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Standing in the Light

Updated: May 18, 2018

Darling one,

You are loved and called by God. He has set you apart for this purpose. He has ordered your steps to this place. You are a daughter with a mission. You are here to take back what the enemy has stolen. This is a resurrection story - and only God has the power to resurrect death. Let him resurrect you like only he can. He has made you enough and has already won the victory for you.

Cherry Blossoms, Princeton Theological Seminary, April 2018

In September, I wrote this prayer of affirmation on my mirror. Seminary is hard, and it’s even more difficult when you’re fighting against the reason that you’re at seminary in the first place. But this affirmation reminded me again and again that I have a mission. It took me a while to step into that, but here we are.


Most of y’all know that I’m at seminary because I really care about mental health and the church. But I leave out a key part of my story a lot:


About five years ago, I was diagnosed with bipolar disorder. At first, managing everything was really difficult – there weren’t a lot of people that I trusted, and there were even fewer people who understood what I was living through. Now, things are a lot different. I’ve learned more about my triggers and how to manage them. Even though I don’t think about it a lot, there are things that living with bipolar disorder makes it difficult to do.


Sometimes I can’t organize my papers well. Sometimes I can’t sit still because I have way too much energy. Most of the time, going to sleep is quite the task. These are some of the more minor things, but they affect me every day.


A lot of the symptoms aren’t the worst things in the world. My school has giant whiteboards where I can throw out a disorganized mess of a paper and then reorganize it. I can always find somewhere to walk around, and sleep can be managed. Honestly, most of the time these small things don’t make me feel like I have a disability.


But there is so much stigma that surrounds bipolar disorder. People think individuals with my diagnosis are violent, or more likely to hurt someone. People think we’re prone to say offensive things. At least once a week, someone stigmatizes bipolar disorder, medication or mental illness. Stigma is not just upsetting, it’s dangerous – it keeps people from seeking therapy or medication.


This year, I took a class about the theology of disability, and one of the things that kept sticking out to me was the idea of advocacy. In Resurrecting the Person, John Swinton addresses the stigma around patients with schizophrenia and bipolar disorder and he argues that true liberation theology for people with severe mental illness has to come from within the community.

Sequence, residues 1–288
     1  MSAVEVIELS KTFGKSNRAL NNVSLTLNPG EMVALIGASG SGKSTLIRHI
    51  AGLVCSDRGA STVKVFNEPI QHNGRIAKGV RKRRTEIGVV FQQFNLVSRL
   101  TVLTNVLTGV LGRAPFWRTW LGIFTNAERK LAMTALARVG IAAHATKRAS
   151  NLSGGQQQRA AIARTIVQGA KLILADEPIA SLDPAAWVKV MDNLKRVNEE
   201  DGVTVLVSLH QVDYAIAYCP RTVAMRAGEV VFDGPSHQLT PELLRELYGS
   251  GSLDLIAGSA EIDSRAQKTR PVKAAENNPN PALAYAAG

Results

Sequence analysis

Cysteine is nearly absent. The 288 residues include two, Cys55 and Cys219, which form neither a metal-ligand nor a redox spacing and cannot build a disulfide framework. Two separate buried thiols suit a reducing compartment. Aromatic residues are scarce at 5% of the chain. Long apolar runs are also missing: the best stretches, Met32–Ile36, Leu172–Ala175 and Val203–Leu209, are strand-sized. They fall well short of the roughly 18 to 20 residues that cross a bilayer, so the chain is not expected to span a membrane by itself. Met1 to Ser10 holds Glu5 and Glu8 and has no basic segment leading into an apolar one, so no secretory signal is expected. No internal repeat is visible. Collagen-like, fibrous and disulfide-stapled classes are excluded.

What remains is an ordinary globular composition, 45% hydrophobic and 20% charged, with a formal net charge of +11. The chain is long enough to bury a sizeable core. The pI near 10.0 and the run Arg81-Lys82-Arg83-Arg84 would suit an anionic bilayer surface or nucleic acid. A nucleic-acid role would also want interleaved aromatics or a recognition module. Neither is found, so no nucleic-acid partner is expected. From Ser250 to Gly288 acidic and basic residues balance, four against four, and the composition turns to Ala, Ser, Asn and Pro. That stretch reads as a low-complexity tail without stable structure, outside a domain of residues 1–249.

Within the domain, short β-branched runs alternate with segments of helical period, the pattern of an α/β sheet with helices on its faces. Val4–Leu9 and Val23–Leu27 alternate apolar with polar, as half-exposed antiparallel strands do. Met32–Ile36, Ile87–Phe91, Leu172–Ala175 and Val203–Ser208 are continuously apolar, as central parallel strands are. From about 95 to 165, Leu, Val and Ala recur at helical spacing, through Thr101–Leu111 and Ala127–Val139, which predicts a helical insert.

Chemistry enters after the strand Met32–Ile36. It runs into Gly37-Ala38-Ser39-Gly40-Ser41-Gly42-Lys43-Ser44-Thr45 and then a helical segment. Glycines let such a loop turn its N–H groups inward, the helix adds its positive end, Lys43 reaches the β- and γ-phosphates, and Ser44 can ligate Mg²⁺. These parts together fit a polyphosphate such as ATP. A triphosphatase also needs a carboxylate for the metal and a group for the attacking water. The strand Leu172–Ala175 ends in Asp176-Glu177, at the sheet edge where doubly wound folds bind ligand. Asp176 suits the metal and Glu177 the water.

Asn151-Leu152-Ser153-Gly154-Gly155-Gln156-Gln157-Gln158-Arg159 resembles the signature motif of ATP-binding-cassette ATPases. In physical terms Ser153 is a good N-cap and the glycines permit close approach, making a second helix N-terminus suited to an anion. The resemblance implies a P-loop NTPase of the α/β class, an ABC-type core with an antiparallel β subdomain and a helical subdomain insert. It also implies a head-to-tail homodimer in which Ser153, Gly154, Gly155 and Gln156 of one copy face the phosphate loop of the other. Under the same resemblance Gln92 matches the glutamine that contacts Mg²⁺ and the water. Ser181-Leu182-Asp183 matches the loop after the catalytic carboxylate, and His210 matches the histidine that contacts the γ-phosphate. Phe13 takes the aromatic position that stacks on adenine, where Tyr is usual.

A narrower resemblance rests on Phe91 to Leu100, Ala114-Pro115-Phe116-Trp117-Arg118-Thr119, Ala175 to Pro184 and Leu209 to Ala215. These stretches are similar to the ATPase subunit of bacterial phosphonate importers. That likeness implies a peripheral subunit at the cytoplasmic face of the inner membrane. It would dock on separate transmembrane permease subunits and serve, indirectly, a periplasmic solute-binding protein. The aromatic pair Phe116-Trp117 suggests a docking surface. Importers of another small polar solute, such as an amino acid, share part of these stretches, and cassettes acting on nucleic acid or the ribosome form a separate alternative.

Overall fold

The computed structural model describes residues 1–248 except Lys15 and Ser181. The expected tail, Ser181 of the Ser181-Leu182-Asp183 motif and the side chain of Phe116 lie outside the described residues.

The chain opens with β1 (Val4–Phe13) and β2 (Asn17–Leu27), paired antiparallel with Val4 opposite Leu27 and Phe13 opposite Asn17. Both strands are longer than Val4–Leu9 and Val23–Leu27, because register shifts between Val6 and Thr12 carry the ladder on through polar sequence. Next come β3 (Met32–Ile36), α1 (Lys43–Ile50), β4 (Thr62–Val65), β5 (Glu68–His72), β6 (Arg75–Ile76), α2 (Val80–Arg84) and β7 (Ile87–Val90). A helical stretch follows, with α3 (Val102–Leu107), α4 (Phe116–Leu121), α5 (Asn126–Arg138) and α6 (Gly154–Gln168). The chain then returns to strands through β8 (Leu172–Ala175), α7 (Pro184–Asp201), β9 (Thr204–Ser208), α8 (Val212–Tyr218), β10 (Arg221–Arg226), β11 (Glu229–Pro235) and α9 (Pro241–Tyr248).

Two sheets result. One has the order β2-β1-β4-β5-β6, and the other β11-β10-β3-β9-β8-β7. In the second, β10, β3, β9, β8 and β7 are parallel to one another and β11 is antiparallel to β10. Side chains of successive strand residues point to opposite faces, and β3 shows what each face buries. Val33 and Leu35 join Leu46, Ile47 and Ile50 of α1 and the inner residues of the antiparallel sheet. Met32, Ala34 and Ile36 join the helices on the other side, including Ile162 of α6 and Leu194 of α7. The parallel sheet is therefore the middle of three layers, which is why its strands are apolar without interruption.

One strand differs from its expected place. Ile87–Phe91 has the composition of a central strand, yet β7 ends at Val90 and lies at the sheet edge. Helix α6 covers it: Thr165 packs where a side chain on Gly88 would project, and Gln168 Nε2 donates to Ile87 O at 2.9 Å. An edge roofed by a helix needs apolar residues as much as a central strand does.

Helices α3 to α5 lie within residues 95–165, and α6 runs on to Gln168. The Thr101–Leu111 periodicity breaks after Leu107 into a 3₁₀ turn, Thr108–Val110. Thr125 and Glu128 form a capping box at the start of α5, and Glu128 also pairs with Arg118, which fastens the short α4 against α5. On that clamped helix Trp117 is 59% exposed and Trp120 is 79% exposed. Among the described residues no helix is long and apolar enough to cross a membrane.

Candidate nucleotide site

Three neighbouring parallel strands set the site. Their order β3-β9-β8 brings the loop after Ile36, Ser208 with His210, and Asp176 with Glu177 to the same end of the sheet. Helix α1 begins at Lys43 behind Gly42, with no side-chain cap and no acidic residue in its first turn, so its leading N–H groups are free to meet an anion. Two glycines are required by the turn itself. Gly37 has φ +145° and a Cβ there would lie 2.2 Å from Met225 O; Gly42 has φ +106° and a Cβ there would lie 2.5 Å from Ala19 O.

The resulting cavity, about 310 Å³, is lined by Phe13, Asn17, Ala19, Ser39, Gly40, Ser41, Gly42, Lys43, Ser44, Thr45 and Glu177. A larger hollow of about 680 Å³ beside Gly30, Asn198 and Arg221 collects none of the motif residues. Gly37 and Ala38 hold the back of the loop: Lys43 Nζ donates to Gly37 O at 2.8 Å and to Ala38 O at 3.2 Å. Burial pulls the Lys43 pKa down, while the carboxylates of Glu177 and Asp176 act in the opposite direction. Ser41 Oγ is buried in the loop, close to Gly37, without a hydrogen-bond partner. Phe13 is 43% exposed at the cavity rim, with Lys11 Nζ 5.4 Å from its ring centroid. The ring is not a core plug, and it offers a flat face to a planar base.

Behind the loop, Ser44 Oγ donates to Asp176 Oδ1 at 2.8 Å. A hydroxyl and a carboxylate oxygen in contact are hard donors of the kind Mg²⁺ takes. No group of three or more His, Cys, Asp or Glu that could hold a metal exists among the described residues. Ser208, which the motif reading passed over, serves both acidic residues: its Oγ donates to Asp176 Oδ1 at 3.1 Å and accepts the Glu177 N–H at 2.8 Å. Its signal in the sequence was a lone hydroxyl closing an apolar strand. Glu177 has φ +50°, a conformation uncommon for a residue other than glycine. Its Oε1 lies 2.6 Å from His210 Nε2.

And when I read that I was convicted.


Because this is my community. These are my people, and I haven’t done enough. Having a mental illness often means hiding your diagnosis so that you won’t be stigmatized, and in that process, I have lost my voice.


For the past five years, I’ve always felt the need to hide a part of myself. I’ve always been terrified about what would happen if people found out. So, I always know where the nearest bathroom is in case I need to cry or shake it out. I try to make sure that if people bring up bipolar disorder, that I don’t say too much. And I definitely don’t say anything when people use generalizations to stigmatize people with bipolar.


It’s been so incredibly disempowering.


When you’re scared of your own brain because people tell you that you should be, you find the best coping strategies that you can. Learning to separate yourself from your mind is an exhausting task – one that I always thought was necessary. Until now. I’m not afraid of my brain anymore.


Learning to live with bipolar disorder means learning how to have a panic attack at 7:00 and be at work by 8:00. It means learning how to recognize when your brain is lying to you. It means learning how to take care of yourself.


It also means learning how to find support from your friends and your family. It means learning how to ask for help.


My hope is that we can learn together here. Sometimes, I’ll write about mental health, but sometimes I’ll write about glitter or ice cream because my life isn’t defined by my bipolar.


So this blog is for every person who lives with mental illness and feels completely alone. Hopefully, this blog helps you step into the light.